If I could offer one piece of advice to churches about hiring and supporting youth pastors, it would likely be this: “Once you sense that the youth pastor is going to work out, enroll him in a distance seminary program as soon as possible.”
The money and time my church has invested in my education through Reformed Theological Seminary’s distance program may be the single best contribution they’ve made to my ministry. And through plenty of conversations with others, I’ve found that churches who enroll and support their youth pastors in these programs win big.
Here are three reasons why I’m convinced seminary distance learning is a promising resource for both churches and youth pastors.
1. Churches that can’t maintain continuity in youth ministry leadership will struggle to be effective.
Two churches of exactly the same context, size, and denomination come to mind. Despite their similarities, one’s youth ministry is four-times larger than the other. It has a strong reputation for developing kids with mature faith.
What’s the primary difference? The larger youth group has had two leaders in the last 20 years. The smaller has gone through six in the last 10. Continuity and stability aren’t the only factors, of course, but they’ve certainly played a significant role.
While statistics vary by U.S. region, the average youth leader’s tenure is 18 months. Senior pastors face the constant headache of hiring and firing them. And kids are unlikely to trust and attach themselves to a youth ministry if they think there will be a new leader every other year.
An excellent way to lock down solid youth pastors for at least four to five years is to encourage them to enroll in a part-time distance program while working full-time at the church. Allow them some time during work hours to study and travel to the seminary campus for intensives. Contribute to their tuition. Some schools match church contributions with scholarships.
In doing this, you invest not only in their ministry and future, but also yours. Your church will likely get a length of service two- to three-times greater than the statistical expectation. Having a youth pastor for four years or longer pays massive long-term dividends.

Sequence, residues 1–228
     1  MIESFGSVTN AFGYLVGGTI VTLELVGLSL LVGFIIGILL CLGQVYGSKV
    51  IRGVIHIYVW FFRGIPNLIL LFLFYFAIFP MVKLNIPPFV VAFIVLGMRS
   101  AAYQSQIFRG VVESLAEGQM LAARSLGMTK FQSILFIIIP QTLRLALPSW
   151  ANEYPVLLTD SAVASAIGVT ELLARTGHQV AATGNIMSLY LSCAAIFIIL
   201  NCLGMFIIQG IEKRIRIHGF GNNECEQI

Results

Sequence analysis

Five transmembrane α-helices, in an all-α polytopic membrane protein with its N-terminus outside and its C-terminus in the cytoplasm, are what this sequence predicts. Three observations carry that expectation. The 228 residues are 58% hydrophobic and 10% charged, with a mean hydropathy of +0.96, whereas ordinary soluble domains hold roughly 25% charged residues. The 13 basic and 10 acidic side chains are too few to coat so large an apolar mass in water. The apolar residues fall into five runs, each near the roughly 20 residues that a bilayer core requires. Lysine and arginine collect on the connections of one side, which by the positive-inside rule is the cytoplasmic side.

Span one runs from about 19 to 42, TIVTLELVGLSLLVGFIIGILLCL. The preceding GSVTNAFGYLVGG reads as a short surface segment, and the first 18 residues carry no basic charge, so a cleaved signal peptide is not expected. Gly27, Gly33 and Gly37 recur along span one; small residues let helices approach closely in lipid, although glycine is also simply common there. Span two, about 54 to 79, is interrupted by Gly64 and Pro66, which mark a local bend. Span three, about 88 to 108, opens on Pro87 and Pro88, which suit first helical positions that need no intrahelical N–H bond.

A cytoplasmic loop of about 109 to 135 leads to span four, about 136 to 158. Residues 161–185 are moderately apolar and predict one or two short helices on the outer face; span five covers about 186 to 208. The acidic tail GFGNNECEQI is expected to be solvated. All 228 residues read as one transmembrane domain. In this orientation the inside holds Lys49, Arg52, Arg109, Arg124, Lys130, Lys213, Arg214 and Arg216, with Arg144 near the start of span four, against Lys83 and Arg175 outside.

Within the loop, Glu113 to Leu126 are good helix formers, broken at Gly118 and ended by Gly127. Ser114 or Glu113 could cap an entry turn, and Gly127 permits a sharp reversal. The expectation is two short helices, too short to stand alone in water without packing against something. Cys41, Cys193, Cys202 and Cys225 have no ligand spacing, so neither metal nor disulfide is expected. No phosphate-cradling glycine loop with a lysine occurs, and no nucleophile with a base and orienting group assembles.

2. Churches need youth leaders who can minister to adults, particularly parents.
Research indicates the more spiritually involved parents are in their child’s life, the greater likelihood the child will remain committed to Christ and the church. Conversely, churches that invest in ministry to kids without educating and equipping parents are not completely wasting their time, but it’s pretty close.
In many churches, the youth leader ministers to a small sector of the church—the teenagers—while the senior and associate pastors manage a much larger number. Churches will benefit—both in workload distribution and spiritual effect—if the youth pastor can minister to adults as well. A church will almost certainly get more value out of their youth ministry hire if they’re willing to invest in his theological education.
Churches who invest in ministry to kids without educating and equipping parents aren’t completely wasting their time, but it’s pretty close.
Theological education offers the quickest and most effective way to provide a youth pastor with the credibility, confidence, and competence to invest in parents. Though young youth leaders typically can’t offer much wisdom on parenting, they can offer both insights from Scripture and strategies for spiritually communicating with kids (since that’s what they do all day).
Seminary helped me cross the threshold into leading adult Sunday school and workshops for parents, even though I wasn’t a dad. It better equipped me to teach theology and Scripture—and to combine it with my knowledge of teen context. True or not, I also felt I had more credibility with the audience, because they knew I was receiving formal training.
3. Churches that invest in seminary education for youth leaders may be more effective at forming kids with lasting faith.
Much research has documented the failure of American churches to form students with enduring faith. It’s not breaking news that a moralistic and entertainment-oriented approach to youth ministry has failed to form disciples who remained faithful to Christ and his people.
Organizations like The Gospel Coalition, Rooted, and others have been working to reform the concept of youth pastor away from the fun “Pied Piper” toward that of pastor, teacher, and leader. Ministry to kids must be based on relational discipleship, biblical teaching, and gospel proclamation. Youth pastors need to have tools for teaching and leadership.
I know youth pastors with no theological education who run some of the most fruitful ministries I’ve seen. I also know youth pastors with impressive seminary degrees who’ve failed miserably.
An education does not guarantee the ability to lead effectively, or to cultivate relationships, or to manage a ministry. But it does sharpen the tools that will likely benefit your church’s youth ministry. And it communicates to the youth minister that the church takes him seriously as a pastoral leader and teacher.
Editors’ note: Don’t miss Rooted-related events at TGC’s National Conference, April 3 to 5 in Indianapolis, Indiana: youth ministry coffee, 9:15 p.m., April 3, at Pennsylvania Station in the Crowne Plaza Hotel; “Five Pillars of Ministry,” a free dinner sponsored by Rooted, 5:45 p.m., April 4, at Weber Grill, 10 N. Illinois St. RSVP for the dinner here or stop by the Crossings or Rooted booths for free tickets. Cameron Cole, founding chairman of Rooted Ministries, will host a workshop at TGC17 on “Foundations for Effective Ministry to Young People.”